In This Article Expand or collapse the "in this article" section Pre-20th-Century Guerrilla Warfare

  • Introduction
  • General Overviews
  • Irregular Warfare Theory and Doctrine (Pre-1900)
  • Precolonial and Colonial Africa: 4000 bce to 1900 ce
  • South America

Military History Pre-20th-Century Guerrilla Warfare
Robert R. Mackey
  • LAST REVIEWED: 30 June 2014
  • LAST MODIFIED: 30 June 2014
  • DOI: 10.1093/obo/9780199791279-0092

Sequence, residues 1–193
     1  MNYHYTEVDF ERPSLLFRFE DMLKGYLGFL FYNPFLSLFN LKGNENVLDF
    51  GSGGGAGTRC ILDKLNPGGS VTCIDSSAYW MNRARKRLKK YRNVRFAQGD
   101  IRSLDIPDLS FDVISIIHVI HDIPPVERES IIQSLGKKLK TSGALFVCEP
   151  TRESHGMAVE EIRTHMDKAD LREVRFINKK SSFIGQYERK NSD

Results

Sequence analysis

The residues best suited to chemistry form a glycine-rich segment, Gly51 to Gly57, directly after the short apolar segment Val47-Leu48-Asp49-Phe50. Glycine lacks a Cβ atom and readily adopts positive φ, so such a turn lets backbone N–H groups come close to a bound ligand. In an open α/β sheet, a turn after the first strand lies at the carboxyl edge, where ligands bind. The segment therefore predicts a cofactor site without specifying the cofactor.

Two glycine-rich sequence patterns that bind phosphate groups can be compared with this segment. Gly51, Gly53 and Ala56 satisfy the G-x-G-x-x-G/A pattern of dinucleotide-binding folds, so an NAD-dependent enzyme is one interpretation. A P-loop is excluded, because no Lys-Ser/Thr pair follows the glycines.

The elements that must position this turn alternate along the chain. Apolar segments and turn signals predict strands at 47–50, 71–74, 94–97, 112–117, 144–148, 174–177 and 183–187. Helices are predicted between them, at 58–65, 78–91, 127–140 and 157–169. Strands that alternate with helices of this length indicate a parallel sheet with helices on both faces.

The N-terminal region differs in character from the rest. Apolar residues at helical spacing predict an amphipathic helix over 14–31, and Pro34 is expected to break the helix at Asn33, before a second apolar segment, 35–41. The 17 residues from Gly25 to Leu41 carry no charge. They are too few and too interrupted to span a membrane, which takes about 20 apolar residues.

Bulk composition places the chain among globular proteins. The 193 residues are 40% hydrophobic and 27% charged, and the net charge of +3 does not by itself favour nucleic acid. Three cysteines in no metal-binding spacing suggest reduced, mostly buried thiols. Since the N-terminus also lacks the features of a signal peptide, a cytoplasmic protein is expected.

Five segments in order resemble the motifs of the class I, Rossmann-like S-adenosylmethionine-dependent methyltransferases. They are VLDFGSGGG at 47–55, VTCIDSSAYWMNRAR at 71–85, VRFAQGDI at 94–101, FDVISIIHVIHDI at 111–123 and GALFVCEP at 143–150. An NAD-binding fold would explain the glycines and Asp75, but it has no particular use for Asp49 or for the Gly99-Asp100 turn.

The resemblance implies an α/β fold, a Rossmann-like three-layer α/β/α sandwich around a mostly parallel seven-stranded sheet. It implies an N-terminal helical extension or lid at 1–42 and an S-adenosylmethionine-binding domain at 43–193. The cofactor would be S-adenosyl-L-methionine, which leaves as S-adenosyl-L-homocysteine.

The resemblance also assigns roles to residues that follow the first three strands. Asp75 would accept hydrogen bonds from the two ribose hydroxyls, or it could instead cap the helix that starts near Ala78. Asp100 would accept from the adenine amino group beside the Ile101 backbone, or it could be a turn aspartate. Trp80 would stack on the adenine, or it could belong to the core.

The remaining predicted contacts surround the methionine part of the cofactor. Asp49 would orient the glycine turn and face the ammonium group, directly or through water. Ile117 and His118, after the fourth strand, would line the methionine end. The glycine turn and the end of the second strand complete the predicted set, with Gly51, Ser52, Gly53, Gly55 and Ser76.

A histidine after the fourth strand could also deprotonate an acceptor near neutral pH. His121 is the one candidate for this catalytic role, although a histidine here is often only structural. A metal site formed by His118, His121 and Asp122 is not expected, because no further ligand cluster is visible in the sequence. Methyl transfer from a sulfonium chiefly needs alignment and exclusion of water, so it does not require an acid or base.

Irregular warfare is generally defined as conflict in which at least one protagonist depends in some substantive part on the use of irregular, in contrast to regular or conventional, military forces. Guerrilla warfare, asymmetric warfare, partisan warfare, and the use of conventional forces in unconventional ways are considered part of irregular warfare. This article focuses on the evolution, doctrine, theory, and practice of irregular warfare, from early antiquity to 1900 CE. It is not intended to address 20th-century and later irregular warfare; for this focus, see the separate Oxford Bibliographies article Semi-Military and Paramilitary Organizations. This article is organized by chronological sequence, as well as regional/national focus. Consequently, each section is given a short historiographical introduction before the discussion of pertinent works covering the era and/or region. In general, this article is divided into two major parts. The first focuses on the major empires of antiquity (Rome, China, Persia, etc.) up to the Early Modern era (1500 CE). The second is more nationally or regionally directed and pertains to major areas of scholarship in the field, such as the United States experience with irregular warfare during the American Civil War (1861–1865). This is not intended to slight or ignore contemporary irregular warfare conflicts during those eras; simply put, little work has emerged on non-Western and pre-1900 irregular conflicts that focus solely on the military aspect. Substantial work has been done in post-1900 irregular warfare directed toward non-Western experiences; future scholars will surely direct their attention to the rich but neglected pre-1900 field over the next few decades.